February 23, 2024


The nation is abuzz with questions about the Super Bowl and, it seems, foremost among them is: Will Taylor Swift be able to get to Las Vegas for the Super Bowl on Feb. 11 after performing in Tokyo on Feb. 10? The answer is pretty simple: Swift has a private jet, so yes. 

You likely already know about Swift’s private jet, if you’ve spent any time online in the last few years. A 2022 study by the sustainability marketing agency Yard found that Swift is one of the worst contributors to climate change when it comes to CO2 emissions from private jets. Her emissions at the time were 1,184.8 times more than the average person’s total annual emissions.

The chatter has picked up a bit more lately, though. Part of that uptick could be attributed to the fact that Swift’s legal team sent a cease-and-desist letter to Jack Sweeney, a college student who tracks public figures’ private jet usage and publishes that data on social media. Swift’s team argues it is “stalking and harassing behavior,” according to The Washington Post. But to be clear, Sweeney’s data is publicly available by the Federal Aviation Administration. This isn’t Sweeney’s first rodeo — he faced similar legal threats from Elon Musk. 

In response, Swifties are saying that she isn’t the worst celebrity when it comes to CO2 emissions. “Other celebrities fly more!” they argue, citing questionable data from Pop Factions. “How else is she supposed to get around?” they question.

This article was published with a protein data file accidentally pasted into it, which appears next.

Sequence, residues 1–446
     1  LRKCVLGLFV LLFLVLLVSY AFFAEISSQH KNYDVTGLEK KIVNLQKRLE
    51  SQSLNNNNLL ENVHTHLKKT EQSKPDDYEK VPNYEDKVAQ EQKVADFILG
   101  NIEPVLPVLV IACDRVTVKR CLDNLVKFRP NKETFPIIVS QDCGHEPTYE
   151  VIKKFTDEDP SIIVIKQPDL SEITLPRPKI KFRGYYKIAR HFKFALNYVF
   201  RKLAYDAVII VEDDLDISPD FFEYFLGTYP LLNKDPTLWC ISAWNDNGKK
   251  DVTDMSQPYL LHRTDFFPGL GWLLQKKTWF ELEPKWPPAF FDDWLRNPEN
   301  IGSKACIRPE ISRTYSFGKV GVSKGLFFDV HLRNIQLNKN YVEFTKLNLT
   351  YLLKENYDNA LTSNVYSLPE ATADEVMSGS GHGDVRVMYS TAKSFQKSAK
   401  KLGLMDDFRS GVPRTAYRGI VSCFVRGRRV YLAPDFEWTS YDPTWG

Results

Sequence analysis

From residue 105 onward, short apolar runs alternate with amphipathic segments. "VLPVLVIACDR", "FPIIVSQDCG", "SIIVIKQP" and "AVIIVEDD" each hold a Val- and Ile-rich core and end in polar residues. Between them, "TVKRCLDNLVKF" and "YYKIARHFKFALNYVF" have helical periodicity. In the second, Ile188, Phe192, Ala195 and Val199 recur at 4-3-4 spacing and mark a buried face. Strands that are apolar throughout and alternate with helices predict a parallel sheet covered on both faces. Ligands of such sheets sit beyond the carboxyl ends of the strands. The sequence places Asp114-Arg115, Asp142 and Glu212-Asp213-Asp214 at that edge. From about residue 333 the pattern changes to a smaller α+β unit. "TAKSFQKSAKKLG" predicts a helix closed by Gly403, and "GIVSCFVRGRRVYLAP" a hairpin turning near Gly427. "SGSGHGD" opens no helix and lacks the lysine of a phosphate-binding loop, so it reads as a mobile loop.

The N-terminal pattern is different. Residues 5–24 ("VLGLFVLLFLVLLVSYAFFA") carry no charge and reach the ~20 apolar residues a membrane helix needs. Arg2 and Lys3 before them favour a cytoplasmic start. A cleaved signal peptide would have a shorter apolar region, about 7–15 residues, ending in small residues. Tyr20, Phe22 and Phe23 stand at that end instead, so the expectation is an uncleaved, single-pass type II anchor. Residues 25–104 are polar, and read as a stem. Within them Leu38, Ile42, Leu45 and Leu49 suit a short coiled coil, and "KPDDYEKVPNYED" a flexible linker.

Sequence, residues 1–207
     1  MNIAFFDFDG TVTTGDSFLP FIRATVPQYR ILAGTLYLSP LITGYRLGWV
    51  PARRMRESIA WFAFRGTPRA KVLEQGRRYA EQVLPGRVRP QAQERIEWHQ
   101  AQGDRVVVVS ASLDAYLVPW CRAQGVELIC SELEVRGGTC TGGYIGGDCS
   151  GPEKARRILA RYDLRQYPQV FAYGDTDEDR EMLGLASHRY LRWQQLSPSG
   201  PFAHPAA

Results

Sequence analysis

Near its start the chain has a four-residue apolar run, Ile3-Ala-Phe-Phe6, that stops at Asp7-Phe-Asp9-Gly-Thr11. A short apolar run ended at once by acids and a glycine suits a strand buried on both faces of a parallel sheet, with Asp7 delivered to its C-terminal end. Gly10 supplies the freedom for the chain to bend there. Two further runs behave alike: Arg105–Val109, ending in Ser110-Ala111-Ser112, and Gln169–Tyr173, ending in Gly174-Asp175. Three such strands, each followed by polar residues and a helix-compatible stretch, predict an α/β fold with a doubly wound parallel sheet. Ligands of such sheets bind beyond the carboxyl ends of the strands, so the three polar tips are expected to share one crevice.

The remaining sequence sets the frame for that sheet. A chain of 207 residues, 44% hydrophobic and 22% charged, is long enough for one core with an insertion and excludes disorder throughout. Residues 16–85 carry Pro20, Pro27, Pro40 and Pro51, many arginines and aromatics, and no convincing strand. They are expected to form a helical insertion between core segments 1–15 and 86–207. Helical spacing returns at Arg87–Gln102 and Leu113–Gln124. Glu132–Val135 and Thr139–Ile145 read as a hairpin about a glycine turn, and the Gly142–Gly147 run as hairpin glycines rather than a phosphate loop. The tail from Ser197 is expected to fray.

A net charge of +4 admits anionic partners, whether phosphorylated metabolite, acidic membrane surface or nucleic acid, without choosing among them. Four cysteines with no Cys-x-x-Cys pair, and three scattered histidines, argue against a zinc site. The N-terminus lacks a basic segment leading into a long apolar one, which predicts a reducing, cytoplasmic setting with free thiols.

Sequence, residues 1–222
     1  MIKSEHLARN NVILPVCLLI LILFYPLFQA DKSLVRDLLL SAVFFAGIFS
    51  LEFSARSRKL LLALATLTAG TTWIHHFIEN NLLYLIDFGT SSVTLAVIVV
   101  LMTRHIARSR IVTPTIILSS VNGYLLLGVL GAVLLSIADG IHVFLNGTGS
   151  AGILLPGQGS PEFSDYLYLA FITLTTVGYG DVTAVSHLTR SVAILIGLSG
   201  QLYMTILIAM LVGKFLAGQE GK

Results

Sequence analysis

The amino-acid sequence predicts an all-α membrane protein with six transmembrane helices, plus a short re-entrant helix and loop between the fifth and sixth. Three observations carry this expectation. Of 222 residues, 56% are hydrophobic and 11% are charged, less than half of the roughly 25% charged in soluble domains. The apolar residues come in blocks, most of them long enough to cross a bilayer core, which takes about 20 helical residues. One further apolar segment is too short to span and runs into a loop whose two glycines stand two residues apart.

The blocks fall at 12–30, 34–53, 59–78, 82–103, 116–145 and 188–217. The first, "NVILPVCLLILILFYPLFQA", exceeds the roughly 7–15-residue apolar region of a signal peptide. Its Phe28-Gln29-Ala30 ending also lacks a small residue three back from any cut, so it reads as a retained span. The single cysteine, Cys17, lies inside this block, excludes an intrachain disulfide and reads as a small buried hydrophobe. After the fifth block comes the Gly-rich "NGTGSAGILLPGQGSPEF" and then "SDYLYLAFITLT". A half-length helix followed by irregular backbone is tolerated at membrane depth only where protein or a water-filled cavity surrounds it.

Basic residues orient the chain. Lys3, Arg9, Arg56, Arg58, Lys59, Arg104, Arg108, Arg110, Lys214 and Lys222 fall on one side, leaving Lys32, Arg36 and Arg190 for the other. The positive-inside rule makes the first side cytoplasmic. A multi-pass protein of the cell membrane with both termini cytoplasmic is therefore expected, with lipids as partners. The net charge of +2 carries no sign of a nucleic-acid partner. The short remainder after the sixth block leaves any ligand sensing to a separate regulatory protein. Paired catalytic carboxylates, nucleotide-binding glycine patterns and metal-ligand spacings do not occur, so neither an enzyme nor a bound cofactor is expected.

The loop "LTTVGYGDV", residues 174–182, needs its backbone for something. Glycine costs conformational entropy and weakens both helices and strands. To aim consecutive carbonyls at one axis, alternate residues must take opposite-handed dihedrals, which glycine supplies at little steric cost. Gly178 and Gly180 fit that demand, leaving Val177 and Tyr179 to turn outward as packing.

Mashable Light Speed

The second question is fair. Swift simply cannot take a commercial flight. But critics argue that the problem isn’t that she has a private jet, it’s how often she uses it. For instance, her jet recently logged a 13-minute flight from Cahokia/St Louis, Illinois, to St Louis, Missouri, releasing an absurd amount of CO2 that could have been reasonably avoided with a 40-minute drive.

Not to mention, if Swift flies 14,000 miles from Tokyo to Las Vegas to Melbourne, where she’s set to continue her own Eras Tour on Feb. 16, The Washington Post estimates the trip could “burn about 8,800 gallons of fuel and create about 90 tons of carbon emissions.” That’s way more than the average American will produce in a year.

While Swift should be held responsible for her contribution to climate change, we shouldn’t allow this to distract us from the biggest problems facing the climate today: Roughly 100 companies are responsible for 71 percent of global emissions.

And on Sunday night, Swift’s private jet will be one of many parked at the airport.





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